World War One

World War One – The War to end all Wars

On the 28th June 1914 at 11.00am the first shots of World War One were fired. At 11.00am on the 11th of November 1918 The Great War ended, having claimed 38,880,000 causalities; killed, wounded or missing. The 'War to End All Wars' devastated many nations, destroyed the Russian and Austro-Hungarian Empires, knocked the Kaiser from his throne and precipitated revolution and social unrest that affected the rest of the world and the rest of the century. The unjust ‘Peace Settlement’, the Treaty of Versailles directly contributed to the eruption of war 21 years later.

Before 1914 Europe had experienced half a century of peace since the last major conflict, the Crimean War of 1853-56, however the map and balance of power in Europe had changed considerably. Germany had united in 1870 and become an advanced economic and military power, Italy had united in 1860 and looked enviously at French and Austrian territory and Russia had seemingly stalled, suffering a humiliating defeat at the hands of Japan in 1905 which caused social unrest that shook the Tsar’s throne. The ancient Ottoman Turk Empire was wheezing in its death throes and had lost practically all its European territory by 1912 and was financially and militarily overdrawn. The colonial vultures of Europe were circling, waiting for the Ottoman carcase to finally fall. Britain was dealing with demands for Irish Home Rule while a myriad of nationalities of the Austro-Hungarian Empire were all beseeching their octogenarian Emperor with demands. Even peaceful Scandinavia had experienced tensions which resulted in Norway cutting its ties to the Swedish crown in 1905 and choosing their own King.

On Sunday the 28th June 1914 the heir to the Austro-Hungarian throne, Archduke Franz Ferdinand and his wife were touring the capital of their ethnically diverse province of Bosnia-Herzegovina. A grenade was thrown at their car and the Archduke repelled it shouting ‘So you welcome your guests with bombs’. Bravely or foolishly he insisted on visiting the injured in Sarajevo Hospital and while their car crossed the Latin Bridge, Gavrilo Princip, the Serbian member of the terrorist group The Black Hand, stepped up to their car and shot the Royal couple. The Duke’s last words were to his dying wife ‘Don't die darling, live for my children’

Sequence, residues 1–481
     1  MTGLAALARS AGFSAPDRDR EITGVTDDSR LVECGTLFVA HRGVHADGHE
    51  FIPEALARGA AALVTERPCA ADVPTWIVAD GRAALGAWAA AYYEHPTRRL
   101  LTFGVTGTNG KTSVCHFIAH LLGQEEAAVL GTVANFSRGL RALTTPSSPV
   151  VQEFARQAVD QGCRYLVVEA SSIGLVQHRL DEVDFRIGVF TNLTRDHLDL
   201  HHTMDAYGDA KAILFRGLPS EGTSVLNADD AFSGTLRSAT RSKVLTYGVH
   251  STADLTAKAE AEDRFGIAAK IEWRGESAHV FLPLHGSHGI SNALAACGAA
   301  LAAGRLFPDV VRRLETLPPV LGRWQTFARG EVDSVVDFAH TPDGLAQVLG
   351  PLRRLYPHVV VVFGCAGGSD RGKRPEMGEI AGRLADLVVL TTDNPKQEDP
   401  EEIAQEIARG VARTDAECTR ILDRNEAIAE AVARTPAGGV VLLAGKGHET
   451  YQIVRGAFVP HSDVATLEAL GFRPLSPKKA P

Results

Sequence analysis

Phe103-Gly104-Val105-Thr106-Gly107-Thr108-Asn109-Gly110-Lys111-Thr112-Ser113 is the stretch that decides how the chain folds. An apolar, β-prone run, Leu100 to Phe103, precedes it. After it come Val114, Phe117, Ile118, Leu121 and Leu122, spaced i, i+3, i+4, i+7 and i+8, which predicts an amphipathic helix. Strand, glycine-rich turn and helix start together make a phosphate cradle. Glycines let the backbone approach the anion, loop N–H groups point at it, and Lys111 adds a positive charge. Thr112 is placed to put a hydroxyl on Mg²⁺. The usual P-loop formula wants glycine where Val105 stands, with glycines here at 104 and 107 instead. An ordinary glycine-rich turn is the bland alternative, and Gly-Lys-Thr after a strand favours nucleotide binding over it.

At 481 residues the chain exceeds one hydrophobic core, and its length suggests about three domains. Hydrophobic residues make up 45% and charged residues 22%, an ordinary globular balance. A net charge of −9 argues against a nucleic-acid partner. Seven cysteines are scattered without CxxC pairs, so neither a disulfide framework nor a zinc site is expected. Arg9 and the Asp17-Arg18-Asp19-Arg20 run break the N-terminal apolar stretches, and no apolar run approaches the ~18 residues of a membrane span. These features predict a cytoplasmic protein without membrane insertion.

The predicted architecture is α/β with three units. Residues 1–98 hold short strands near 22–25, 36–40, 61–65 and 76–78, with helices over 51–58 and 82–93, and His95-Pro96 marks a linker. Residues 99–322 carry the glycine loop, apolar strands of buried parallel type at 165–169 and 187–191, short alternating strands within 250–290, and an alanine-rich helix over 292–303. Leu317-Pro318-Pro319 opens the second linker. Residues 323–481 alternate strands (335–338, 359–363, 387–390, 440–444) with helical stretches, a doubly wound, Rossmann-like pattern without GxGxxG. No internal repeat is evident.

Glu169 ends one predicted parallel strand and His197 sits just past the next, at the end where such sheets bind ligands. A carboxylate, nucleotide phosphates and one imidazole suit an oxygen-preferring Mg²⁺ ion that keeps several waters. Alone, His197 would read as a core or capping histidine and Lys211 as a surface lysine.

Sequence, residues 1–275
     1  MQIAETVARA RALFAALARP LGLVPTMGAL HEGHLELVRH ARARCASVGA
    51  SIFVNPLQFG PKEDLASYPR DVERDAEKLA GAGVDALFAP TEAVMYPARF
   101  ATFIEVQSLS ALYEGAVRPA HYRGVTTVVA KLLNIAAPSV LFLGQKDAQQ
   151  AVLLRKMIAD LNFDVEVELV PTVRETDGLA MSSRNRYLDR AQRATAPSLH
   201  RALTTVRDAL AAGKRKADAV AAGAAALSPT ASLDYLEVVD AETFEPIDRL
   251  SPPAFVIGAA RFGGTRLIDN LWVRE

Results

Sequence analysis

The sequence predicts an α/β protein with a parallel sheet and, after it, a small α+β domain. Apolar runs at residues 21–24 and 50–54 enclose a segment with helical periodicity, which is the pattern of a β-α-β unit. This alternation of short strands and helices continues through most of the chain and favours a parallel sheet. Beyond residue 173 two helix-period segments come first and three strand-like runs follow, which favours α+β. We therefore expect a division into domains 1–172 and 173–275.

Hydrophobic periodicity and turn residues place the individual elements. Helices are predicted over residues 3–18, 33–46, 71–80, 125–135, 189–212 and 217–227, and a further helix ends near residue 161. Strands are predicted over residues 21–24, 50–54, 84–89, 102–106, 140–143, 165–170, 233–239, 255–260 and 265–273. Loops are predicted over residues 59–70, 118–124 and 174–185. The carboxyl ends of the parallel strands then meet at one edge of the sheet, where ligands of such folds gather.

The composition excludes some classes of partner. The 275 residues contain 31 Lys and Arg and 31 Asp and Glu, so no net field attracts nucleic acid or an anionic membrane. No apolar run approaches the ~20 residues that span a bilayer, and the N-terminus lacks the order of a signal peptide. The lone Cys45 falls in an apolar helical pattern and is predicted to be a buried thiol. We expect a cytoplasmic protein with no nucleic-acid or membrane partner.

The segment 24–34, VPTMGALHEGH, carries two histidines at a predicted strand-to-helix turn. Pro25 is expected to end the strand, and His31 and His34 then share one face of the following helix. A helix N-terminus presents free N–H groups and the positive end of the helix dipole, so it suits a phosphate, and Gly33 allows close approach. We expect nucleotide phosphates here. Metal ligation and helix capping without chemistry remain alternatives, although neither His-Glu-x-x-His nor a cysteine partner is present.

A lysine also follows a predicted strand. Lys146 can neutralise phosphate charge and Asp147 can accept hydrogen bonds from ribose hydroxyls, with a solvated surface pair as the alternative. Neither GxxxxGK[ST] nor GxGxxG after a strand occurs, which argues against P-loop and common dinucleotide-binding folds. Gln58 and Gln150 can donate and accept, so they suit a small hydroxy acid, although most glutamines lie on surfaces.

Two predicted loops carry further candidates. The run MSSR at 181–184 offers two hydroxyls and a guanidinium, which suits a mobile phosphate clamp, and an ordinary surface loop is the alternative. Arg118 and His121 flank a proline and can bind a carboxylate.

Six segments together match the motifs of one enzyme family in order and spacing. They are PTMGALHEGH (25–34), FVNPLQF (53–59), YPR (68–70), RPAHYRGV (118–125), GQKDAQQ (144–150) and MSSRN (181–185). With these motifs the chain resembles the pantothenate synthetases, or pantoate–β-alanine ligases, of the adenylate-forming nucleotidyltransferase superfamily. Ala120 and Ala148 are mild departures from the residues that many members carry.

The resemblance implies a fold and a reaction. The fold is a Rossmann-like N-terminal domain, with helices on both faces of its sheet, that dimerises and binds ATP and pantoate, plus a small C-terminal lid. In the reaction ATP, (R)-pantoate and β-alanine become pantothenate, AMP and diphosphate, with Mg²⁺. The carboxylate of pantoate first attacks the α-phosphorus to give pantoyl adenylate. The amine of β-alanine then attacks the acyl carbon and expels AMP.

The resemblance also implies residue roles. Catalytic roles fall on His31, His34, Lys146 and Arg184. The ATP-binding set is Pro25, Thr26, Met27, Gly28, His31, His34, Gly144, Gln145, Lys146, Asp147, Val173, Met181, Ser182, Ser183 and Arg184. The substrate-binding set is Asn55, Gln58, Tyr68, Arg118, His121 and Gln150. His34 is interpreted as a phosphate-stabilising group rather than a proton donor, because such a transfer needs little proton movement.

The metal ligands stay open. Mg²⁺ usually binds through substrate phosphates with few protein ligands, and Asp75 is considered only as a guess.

A few days before the Assassination the Vatican had signed a concordat with Serbia which had considerably weakened Austria’s influence in the Balkans causing alarm at the rise and claims of Serbia on Serb populated regions within the Austro-Hungarian Empire. The heir was not popular and many, including the Emperor Franz Josef were relieved he would not succeed him following his murder. However most of Austria-Hungary’s military felt Serbia needed to be dealt with eventually and the assassination provided them the opportunity for war. Serbian involvement in the Assassination seemed certain so when Serbia rejected Austria-Hungary’s ultimatum, war was declared on 28th July 1914, one month after the Royal deaths. By 1914 a complex web of alliances had formed which had a domino effect dragging the world into an abyss it did not expect.

Russia readied its forces to aid Serbia and despite a flurry of friendly telegrams between Berlin and St Petersburg known as the Willy-Nicky Correspondence, named after Tsar Nicholas of Russia and Kaiser Wilhelm of Germany, both sides prepared for the endless misery predicted in Willy’s last telegram. Russia’s mobilisation to support Serbia, caused Germany to mobilise in support of Austria-Hungary, which resulted in France’s mobilisation to support Russia. On the 1st August 1914 Germany declared war on Russia causing the dominos to fall. In accordance with Germany’s Schlieffen Plan, Germany attempted to sweep through Belgium on their way to Paris, resulting in Britain’s entry into the war in defence of Belgium. All sides showed enthusiasm for war and their military and political leaders claimed the war would be short despite abundant evidence it would be long and costly. Claims the war would be over by Christmas were farcical.